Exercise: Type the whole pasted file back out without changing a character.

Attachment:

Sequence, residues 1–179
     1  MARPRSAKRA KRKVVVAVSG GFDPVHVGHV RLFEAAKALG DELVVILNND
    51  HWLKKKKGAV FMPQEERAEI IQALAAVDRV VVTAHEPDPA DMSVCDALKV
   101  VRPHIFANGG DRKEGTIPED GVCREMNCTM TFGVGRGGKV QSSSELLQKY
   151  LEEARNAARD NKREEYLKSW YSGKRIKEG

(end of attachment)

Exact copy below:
Sequence, residues 1–179
     1  MARPRSAKRA KRKVVVAVSG GFDPVHVGHV RLFEAAKALG DELVVILNND
    51  HWLKKKKGAV FMPQEERAEI IQALAAVDRV VVTAHEPDPA DMSVCDALKV
   101  VRPHIFANGG DRKEGTIPED GVCREMNCTM TFGVGRGGKV QSSSELLQKY
   151  LEEARNAARD NKREEYLKSW YSGKRIKEG